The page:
Cycling was a mass phenomenon in the 1930s and 1940s, regularly attracting thousands of enthusiastic spectators to race courses and arenas.

In Berlin, the professional cyclist Erich "Wüste" Hoffmann (1912 - 1990) was a highly acclaimed fan favorite. His career is emblematic of cycling’s growing professionalization and popularization in the Nazi and post-war periods.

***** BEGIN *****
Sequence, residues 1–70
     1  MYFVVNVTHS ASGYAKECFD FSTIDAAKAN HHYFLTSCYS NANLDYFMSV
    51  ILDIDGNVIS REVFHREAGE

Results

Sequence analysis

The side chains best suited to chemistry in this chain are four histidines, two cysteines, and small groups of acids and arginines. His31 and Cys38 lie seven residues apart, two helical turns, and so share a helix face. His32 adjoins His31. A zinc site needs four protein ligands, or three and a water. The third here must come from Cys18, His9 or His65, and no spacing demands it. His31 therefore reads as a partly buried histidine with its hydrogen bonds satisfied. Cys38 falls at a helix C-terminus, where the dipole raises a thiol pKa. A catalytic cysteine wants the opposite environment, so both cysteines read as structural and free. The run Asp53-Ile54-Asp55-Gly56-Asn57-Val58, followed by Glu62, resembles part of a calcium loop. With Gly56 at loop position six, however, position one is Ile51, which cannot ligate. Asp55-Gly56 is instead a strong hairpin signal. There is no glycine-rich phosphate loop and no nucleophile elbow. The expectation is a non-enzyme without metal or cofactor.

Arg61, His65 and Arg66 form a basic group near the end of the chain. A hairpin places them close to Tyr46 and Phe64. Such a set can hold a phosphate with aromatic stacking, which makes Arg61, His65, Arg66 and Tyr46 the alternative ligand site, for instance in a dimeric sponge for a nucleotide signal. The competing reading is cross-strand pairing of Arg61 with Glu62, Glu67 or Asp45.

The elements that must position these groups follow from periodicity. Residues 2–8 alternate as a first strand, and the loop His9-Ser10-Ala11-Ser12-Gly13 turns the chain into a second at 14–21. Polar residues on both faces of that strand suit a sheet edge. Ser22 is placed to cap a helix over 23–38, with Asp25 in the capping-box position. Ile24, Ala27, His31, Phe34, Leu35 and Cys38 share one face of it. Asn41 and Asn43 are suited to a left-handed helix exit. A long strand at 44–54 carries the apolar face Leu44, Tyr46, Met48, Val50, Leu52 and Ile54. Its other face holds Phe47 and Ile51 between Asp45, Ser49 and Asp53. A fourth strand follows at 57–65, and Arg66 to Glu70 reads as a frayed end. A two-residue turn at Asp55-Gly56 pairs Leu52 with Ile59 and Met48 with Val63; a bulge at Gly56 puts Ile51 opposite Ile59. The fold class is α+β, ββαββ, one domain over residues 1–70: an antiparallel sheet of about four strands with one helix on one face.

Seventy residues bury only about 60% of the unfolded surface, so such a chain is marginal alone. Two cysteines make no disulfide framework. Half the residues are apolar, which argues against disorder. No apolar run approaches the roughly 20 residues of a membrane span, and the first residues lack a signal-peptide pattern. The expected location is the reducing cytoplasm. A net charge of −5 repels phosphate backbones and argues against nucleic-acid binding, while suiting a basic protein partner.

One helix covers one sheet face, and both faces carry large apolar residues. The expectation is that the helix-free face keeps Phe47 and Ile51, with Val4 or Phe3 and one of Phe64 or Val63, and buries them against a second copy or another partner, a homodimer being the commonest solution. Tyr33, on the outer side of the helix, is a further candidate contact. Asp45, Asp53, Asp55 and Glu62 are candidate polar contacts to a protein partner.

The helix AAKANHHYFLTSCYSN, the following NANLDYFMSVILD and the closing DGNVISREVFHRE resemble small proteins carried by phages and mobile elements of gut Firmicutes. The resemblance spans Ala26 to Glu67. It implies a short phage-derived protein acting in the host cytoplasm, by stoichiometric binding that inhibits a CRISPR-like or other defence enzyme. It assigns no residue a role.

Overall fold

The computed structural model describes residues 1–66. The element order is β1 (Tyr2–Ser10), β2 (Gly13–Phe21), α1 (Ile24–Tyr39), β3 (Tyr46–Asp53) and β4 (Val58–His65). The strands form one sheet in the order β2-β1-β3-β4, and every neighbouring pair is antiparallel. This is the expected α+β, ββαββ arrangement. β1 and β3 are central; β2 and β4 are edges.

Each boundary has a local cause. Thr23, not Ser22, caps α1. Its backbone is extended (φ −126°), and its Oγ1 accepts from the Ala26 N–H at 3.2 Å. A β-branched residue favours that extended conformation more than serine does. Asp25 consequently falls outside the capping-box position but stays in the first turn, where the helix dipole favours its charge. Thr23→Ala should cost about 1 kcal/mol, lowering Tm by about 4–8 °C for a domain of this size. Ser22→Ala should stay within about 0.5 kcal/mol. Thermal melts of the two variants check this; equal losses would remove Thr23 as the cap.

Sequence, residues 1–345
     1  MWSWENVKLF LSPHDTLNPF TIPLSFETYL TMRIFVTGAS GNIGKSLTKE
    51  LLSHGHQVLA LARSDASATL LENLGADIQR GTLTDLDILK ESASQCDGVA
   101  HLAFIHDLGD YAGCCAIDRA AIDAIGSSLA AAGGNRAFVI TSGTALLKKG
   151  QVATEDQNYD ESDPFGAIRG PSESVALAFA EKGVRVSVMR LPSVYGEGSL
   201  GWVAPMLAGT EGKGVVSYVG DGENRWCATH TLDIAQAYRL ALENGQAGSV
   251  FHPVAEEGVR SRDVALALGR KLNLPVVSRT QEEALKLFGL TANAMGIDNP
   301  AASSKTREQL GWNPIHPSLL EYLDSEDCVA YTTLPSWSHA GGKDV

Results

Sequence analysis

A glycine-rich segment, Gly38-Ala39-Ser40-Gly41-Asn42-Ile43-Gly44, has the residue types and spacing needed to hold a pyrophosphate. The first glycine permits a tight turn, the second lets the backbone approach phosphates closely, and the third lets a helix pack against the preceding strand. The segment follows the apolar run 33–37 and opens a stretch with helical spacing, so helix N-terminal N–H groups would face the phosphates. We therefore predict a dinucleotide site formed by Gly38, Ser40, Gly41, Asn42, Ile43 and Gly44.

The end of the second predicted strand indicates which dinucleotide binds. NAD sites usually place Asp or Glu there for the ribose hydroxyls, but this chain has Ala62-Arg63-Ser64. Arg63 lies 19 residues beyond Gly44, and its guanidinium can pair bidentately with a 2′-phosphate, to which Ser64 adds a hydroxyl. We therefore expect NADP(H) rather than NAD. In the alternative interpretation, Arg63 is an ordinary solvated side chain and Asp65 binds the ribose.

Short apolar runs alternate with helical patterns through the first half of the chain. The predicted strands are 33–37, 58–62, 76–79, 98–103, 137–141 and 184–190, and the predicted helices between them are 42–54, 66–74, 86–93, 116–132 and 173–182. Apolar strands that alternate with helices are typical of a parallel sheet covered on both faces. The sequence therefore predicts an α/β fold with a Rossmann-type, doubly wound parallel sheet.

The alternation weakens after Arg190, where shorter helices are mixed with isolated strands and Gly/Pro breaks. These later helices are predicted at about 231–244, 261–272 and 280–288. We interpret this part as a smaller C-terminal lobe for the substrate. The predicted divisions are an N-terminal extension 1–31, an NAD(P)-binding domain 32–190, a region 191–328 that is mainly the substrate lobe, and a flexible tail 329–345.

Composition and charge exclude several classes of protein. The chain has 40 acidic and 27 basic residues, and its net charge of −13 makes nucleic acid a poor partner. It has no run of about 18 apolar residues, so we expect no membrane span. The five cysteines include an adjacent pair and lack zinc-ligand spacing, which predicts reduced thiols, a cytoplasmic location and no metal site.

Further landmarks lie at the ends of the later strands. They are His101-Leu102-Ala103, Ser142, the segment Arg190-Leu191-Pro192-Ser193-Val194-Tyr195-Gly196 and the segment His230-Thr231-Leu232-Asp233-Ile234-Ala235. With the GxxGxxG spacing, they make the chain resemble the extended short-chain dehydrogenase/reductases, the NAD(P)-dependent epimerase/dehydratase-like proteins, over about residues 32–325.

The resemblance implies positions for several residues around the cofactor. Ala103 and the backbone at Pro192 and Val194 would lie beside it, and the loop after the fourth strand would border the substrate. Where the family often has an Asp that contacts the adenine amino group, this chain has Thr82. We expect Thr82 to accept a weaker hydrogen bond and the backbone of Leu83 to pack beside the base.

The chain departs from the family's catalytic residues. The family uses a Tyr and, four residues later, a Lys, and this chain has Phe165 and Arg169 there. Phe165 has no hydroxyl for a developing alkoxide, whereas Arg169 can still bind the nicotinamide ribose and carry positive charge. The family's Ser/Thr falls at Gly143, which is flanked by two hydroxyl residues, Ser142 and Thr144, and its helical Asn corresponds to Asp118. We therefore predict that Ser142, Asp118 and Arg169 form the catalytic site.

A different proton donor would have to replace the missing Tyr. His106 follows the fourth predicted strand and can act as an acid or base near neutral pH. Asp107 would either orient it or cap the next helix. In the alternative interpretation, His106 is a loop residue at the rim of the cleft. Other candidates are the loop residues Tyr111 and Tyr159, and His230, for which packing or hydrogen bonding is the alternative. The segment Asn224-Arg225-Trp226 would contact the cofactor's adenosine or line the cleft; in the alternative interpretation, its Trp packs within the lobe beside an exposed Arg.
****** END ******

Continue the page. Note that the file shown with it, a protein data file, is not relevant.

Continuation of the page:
Insight into Hoffmann’s successful career is provided by 40 original press photos from his estate, which is kept safely in the Deutsches Technikmuseum’s historical archives. These are being presented for the first time, to mark the 200th anniversary of the invention of the bicycle. Many of the images were taken by Max Schirner (1891 - 1952), a pioneer of sports photography.